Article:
Kentucky Derby: Curlin, the favorite, drew the unfavorable No. 2 spot. I'll have my prediction tomorrow. (Remember that, last year, I came through with my Prediction of the Year: Barbaro to win.)

Mayweather vs. De La Hoya: I find it quaint that the mainstream sports media is making such a big deal out of what is effectively a non-event. Consider that this is the single biggest boxing event of the year, perhaps the ONLY boxing event with any traction whatsoever. What does that say about the sport? Compare that, say, to mixed martial arts.

The only intriguing part of the fight is whether it will beat the old record of 1.99 million pay-per-view purchases. But, again, that doesn't speak to the viability of the entire sport -- just two fighters' marketing value, which is hardly limitless.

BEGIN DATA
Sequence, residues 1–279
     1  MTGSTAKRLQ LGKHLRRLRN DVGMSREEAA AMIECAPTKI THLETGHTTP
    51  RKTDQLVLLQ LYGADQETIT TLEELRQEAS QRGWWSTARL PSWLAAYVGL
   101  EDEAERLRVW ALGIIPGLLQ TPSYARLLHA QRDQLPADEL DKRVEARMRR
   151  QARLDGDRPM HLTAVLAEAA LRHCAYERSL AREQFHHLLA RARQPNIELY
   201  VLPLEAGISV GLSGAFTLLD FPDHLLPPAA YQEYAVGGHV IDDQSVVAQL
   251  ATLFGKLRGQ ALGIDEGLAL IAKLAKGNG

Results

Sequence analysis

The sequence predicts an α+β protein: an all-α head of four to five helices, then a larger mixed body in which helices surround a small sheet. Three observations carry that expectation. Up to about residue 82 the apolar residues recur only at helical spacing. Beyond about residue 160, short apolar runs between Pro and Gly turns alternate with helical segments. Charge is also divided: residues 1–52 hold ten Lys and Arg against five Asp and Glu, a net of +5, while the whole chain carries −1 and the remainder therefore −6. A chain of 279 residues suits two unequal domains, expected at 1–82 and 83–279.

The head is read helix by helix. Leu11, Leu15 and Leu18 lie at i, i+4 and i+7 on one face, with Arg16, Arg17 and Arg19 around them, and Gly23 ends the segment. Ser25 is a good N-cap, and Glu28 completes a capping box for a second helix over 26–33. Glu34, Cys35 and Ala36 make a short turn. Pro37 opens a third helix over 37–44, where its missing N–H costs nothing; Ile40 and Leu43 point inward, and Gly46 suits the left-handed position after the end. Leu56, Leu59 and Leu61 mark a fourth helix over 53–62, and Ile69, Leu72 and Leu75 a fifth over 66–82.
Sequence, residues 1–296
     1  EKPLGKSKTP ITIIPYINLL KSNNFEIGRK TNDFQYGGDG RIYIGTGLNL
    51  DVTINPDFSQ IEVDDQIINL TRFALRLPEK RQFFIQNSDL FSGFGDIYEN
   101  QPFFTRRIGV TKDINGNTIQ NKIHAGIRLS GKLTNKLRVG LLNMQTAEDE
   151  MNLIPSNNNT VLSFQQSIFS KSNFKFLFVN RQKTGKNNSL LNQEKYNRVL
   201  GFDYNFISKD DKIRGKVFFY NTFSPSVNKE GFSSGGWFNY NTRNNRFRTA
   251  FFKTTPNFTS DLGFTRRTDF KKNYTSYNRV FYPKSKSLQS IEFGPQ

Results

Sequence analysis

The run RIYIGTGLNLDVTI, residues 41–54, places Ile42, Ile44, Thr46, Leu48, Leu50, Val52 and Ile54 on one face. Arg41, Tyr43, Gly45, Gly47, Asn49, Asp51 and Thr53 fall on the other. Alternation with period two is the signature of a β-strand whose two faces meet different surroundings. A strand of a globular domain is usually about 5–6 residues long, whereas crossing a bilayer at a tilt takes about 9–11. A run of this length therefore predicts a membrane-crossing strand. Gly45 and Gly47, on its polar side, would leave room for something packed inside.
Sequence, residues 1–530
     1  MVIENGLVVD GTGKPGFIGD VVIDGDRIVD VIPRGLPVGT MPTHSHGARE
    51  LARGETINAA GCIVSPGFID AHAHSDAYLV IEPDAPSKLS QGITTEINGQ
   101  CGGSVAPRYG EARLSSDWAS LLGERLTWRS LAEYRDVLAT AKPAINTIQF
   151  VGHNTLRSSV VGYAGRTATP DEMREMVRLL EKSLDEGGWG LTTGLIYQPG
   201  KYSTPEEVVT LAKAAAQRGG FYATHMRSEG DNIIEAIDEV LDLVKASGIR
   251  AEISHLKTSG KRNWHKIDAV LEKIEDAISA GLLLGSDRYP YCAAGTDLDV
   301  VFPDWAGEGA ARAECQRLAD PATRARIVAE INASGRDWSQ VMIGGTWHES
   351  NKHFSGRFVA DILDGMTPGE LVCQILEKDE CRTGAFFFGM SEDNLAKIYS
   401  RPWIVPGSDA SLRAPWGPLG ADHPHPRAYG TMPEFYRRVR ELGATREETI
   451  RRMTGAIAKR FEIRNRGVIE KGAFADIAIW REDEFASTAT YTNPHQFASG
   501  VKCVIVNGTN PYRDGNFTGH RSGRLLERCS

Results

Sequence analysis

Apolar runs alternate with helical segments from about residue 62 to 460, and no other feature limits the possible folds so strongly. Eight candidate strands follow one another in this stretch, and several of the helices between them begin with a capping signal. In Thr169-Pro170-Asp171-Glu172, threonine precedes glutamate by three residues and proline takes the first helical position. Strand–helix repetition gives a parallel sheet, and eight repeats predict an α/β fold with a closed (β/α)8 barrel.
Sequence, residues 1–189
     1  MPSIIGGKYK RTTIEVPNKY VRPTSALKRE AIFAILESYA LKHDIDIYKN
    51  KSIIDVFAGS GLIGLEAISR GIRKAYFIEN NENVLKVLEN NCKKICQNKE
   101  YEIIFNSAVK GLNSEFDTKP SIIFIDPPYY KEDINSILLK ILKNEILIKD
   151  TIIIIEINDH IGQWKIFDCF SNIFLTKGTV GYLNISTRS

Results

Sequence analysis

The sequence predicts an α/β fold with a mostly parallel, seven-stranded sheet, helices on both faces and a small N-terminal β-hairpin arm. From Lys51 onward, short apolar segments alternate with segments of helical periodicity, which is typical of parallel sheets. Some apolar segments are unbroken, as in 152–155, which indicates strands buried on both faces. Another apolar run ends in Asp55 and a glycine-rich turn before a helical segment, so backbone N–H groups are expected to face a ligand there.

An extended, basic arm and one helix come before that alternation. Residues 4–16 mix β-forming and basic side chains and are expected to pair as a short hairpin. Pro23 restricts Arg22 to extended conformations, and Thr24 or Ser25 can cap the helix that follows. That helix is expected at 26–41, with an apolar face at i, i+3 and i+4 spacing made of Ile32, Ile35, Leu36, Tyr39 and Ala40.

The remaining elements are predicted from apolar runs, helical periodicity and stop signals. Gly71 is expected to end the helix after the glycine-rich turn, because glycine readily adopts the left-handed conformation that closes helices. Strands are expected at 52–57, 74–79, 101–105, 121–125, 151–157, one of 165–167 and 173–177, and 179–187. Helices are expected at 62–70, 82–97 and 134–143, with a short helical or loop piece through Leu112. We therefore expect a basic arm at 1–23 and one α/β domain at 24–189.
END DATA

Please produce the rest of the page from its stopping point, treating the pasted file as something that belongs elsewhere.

-- D.S.

Wednesday, May 02, 2007

Wednesday 05/02 A.M. Quickie:
Warriors-Mavs, Phil Hughes, Keyshawn, More

Before I get into the thrilling Mavs-Warriors series and everything else, here's a fascinating report that might be on the minds of NBA fans today:

Do NBA refs exhibit racial bias?

(Yikes. And this isn't some yammering columnist, typically avoiding real evidence. This is the result of a legitimate academic study.)

Now, on to the stories...

Mavs survive Game 5, edge Warriors: It's strange. Golden State lost the game last night, but I'm more convinced than ever that they will win the series.

I think it'll happen in Oakland on Thursday, but if it happens to come down to a Game 7 in Dallas, I think they can win that one, too.